I’m bandying about big numbers here. Is it really possible? It depends on how fast and far Hidrent can grow its gig force. Here’s what I think about those odds, starting with the present.
- Done deal: 6,000 firefighters are in the bag.
- Probable: Getting to 10,000 should happen soon (within the first quarter of 2023 is the company’s timetable).
- Possible: Getting to 50,000. A pathway is for Hidrent to capture 15% of IAFF’s members plus a smattering of volunteer firefighters. I think 15% is probably the top end of what Hidrent could reasonably expect. A somewhat easier way to get to 50,000 is to capture around 10% of IAFF’s firefighters plus a higher percentage of volunteer firefighters. It’s doable.
- Possible but difficult: Hitting the 50,000 to 100,000 range is a stretch. The receptiveness of volunteer firefighters to becoming a Hidrent gig worker is the big X-factor. Just getting 10% of these firefighters would add more than 70,000 to Hidrent’s rolls. That brings 100,000 well within range. It would represent a huge win for Hidrent and investors. But it’s a very tall task.
As you see, I’m settling on 100,000 workers as Hidrent’s ceiling. That’s 40% of Angi’s total workforce. And by our math above, it would represent a huge win for investors in Hidrent’s current round. Angi’s pre-pandemic peak price was $12 billion, and 40% of that is $4.8 billion.
More realistic is getting to 50,000 gig workers. It won’t be easy, but I believe it’s within Hidrent’s reach. At that level, Hidrent could achieve a $2.4 billion valuation, giving investors a windfall 282X profit (excluding dilution).
The basically guaranteed (in my opinion) 10,000-strong gig workforce would provide a 56X return.
This is why I like this investment opportunity so much. Even at the lower end of expectations, Hidrent’s upside is amazing. And it still has several other things going for it.
Hidrent’s Continuing Balancing Act
Jacking up the supply of firefighters is the first requisite to growth. Hidrent gets high grades there. But the company will also need an equal surge in at-home jobs. Otherwise, firefighters unable to find jobs through Hidrent will lose interest in participating — creating unwanted churn.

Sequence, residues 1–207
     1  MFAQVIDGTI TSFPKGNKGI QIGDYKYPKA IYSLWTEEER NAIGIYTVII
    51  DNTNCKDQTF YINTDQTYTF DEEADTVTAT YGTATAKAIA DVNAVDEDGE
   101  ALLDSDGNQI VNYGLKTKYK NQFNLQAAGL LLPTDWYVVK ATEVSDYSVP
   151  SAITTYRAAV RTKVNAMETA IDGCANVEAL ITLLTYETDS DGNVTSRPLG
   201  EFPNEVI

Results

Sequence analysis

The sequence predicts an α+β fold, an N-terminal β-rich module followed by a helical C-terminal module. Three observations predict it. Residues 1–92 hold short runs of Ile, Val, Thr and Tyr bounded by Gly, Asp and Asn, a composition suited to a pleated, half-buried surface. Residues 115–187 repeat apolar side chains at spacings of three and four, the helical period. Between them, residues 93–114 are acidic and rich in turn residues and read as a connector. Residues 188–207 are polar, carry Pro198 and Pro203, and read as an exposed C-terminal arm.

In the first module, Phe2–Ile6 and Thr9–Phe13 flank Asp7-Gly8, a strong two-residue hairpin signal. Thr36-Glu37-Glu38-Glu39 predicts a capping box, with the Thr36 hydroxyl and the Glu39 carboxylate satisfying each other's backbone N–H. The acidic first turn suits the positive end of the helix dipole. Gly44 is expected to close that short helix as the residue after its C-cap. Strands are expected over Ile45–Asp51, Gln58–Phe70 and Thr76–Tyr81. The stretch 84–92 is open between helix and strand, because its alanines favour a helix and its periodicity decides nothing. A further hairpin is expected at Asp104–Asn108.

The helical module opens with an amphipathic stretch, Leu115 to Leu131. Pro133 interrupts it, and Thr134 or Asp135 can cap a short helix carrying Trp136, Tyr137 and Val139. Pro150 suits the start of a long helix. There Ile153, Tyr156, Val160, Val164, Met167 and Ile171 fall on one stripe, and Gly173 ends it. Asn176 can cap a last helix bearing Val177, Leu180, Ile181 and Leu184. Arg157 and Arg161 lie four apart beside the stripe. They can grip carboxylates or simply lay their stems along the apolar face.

Building up the demand (or jobs) side is the second requisite for growth.
And right now, Hidrent does not have enough jobs for its 6,000 firefighters on the app. I can’t check this box quite yet.
But Hidrent is working on this. It’s expanding the business-to-business (B2B) side of its operations to boost the number of jobs created on its network. B2B is actually making more money right now than the business-to-consumer side. Hidrent is aggressively engaging partners with businesses across the country that have the need for outsourced labor. And it’s not just handyman-type labor either. For example, Hidrent has partnered with companies in the healthcare industry to provide rides to doctor’s visits, COVID testing, home health wellness checks and home safety assessments.
Many firefighters are required to obtain an EMT certificate. So it makes sense that the types of jobs they can do span multiple industries. And it’s another advantage that Hidrent has over Angi and TaskRabbit!
Just the Beginning of Revenue Growth
In 2021, Hidrent generated $429,438 in revenue, up 64% from $261,786 in 2020. Even better, Hidrent is now projecting 74.8% revenue growth for 2022. Hidrent founder and CEO Dave Heimbuch has done a superb job in building solid traction and sustainable revenue growth — with just himself and one other full-time employee plus five contractors. And the company’s three-year marketing agreement with the IAFF has enabled Hidrent to jump from covering a handful of states to a majority of states.
Hidrent’s upside is very real. Its valuation is very low. It’s growing its supply out. It’s focusing on building the demand side — as it should — with positive early results. And its founder knows how to grow a business. Right now, it’s in good shape.
Add it all up and there’s a lot to like. I believe Hidrent is going to surprise a lot of people.
Security type: Preferred equity
Offering Maximum: $534,999.72
Valuation: $8.5 million
Price per share: $0.57
Minimum investment: $228.00
Where to invest: StartEngine
Deadline: September 19, 2022
How to Invest
Hidrent is raising up to $534,999.72 on StartEngine. If you don’t already have a StartEngine account, you can sign up for one here. Once you’re logged in to StartEngine, go to the Hidrent deal page. Be sure to review the deal page and offering circular thoroughly before making an investment.
Then click the green “Invest Now” button. Enter the amount you want to invest, starting as low as $228, and proceed through the required steps. Be sure your investment is confirmed, then you’re good to go.
This opportunity, like all early-stage investments, is risky. Early-stage investments often fail. Hidrent might need to raise another round of funding in a year or two, if not sooner. If it executes well, this shouldn’t be a problem. But that’s a risk worth considering when investing in early-stage companies.
The investment you’re making is NOT liquid. Expect to hold your position for five to 10 years. An earlier exit is always possible but should not be expected.
All that said, I believe Hidrent offers an attractive risk-reward ratio.